With this move away from the conventional, presenter-led wildlife film (with scientifically informed explanation being provided by a narrator guide) the emphasis now is to create dramatic, spectacular confrontations between man and beast (Cottle, 2004: 96). A whole tranche of programs have emerged in the last few years that are, frankly, dramatic adventure stories in another guise. These programs frequently take the form of heroic tales of derring-do and at the same time key into some of the well-known dragon-slaying and monster-hunting myths. (8) Austin Stevens, one of the new breed of performer/presenters in contemporary wildlife film making, proudly announces to camera in the program In Search for the Great Anaconda (Channel 5, 2004):

“My mission is to scour the waterways in search of the biggest anaconda I can find, pull it from the water and photograph it” (cited in Bell, 2004: 22).

Equally, if not more revealingly, the series producer, Graham Booth, admits that the program makers intended to use fictional dramatic techniques to enhance the series’ populist appeal:

“We’re making big, old-fashioned, cinematic adventure films…there’s more than an element of Indiana Jones in there. We’ve got the full John Williams-esque orchestral score. It’s incredibly stirring stuff and it gives a feature film feel rather than that of a TV documentary.” (ibid.)

A conservation-free zone?

Not surprisingly, in view of some of these recent developments, especially TV wildlife programming's progressive absorption into the broader category of factual entertainment, many have anxieties about the genre's future. Critics voice concerns, for instance, about how the ghoulishness inherent in some of the ambulance-chasing reality shows with their required number of dramatic "hits" is exactly paralleled in the type of wildlife program which focuses a number of "chase and kill" sequences involving predators.

They also express misgivings about the distorted impression given by privileging certain species in wildlife coverage (sharks, lions, tigers and large reptiles) and foregrounding particular types of aggressive or extreme animal behaviour in the belief that this is how audience interest will be maintained (Wollaston, 2004:) Even with the new Walking with… sub-genre, some express concerns that the dramatic imperative (the need to convey the "Being-there-with-them" experience) seriously limits the programs’ capacity to be scientifically informative in the way that their makers sometimes claim. (see Benton, 2001)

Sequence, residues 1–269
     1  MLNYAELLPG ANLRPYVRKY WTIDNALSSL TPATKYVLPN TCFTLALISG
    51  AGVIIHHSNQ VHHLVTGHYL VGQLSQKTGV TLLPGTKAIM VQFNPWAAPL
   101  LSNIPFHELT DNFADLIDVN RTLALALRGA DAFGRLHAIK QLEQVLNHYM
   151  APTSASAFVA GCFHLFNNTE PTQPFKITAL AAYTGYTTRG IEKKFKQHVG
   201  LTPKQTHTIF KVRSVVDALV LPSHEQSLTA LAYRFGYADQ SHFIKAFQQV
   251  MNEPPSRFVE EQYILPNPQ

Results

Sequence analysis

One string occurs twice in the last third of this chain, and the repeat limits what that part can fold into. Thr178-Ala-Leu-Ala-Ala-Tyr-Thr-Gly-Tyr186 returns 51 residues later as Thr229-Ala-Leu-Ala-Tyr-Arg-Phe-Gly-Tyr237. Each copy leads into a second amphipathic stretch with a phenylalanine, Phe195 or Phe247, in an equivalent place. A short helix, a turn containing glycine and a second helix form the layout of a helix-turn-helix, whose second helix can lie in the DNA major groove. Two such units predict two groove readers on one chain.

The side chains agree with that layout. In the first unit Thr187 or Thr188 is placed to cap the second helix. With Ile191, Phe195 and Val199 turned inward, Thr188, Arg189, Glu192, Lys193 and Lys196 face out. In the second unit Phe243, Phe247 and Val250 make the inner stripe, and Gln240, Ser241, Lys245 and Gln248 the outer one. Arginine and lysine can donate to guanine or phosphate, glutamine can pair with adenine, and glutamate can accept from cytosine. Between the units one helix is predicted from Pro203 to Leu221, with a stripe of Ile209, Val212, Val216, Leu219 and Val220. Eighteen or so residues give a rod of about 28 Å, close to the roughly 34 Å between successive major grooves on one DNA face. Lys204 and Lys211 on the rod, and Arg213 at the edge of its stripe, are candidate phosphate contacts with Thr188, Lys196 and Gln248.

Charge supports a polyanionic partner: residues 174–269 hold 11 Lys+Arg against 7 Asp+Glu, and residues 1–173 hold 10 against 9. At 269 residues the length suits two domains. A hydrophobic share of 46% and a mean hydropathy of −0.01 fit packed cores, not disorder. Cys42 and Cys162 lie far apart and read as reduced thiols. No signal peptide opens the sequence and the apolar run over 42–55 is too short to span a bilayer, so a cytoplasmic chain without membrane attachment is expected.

All too often the nub of the problem – if problem it is – can be traced to the requirements of today’s broadcasters, especially the manner in which they increasingly set the programming agenda.(9) On closer inspection, for instance, the emergence of the popular Walking with… series can be seen to have been more inspired by the success (in ratings terms) of the many so-called "immersive" history series (ones which contain elaborate dramatized and CGI-supported reconstructions of periods, events and civilizations) than by the desire to provide a new perspective on natural history. This leads to the most serious criticism of contemporary TV wildlife: that it has become – with very few exceptions – a conservation-free zone.

Two decades ago the well-known TV wildlife producer Jeffery Boswall, asserted that

“the majority of the world’s wildlife film-makers still [believe] that most wildlife conservation is boring, worrying and depressing to the public. They feel that their duty is to show viewers what is there, let them wonder at it and be enthralled, and then let them decide for themselves whether or not it worth keeping" (Boswall, 1982: 222).

Surveying the TV wildlife terrain today, we might conclude that conservation and environmental issues have, if anything, slipped even further down the list of program makers’ priorities. Some, like David Attenborough, do believe that wildlife docs should serve a different purpose than that of preaching a conservation message which might easily lead to green fatigue (Campbell, 2004: 17). But others, like the filmmaker Richard Brock, believe fervently that the need to convey the conservation message is so urgent that substantially more time and resources must be devoted to films where environmental issues are highlighted. Brock has, for instance, recently embarked on a number of low-budget, self-shot series which deliberately eschew blue-chip glossiness and universal appeal in favor of getting the conservation message across to a specific local audience (see Campbell, 2004: 25)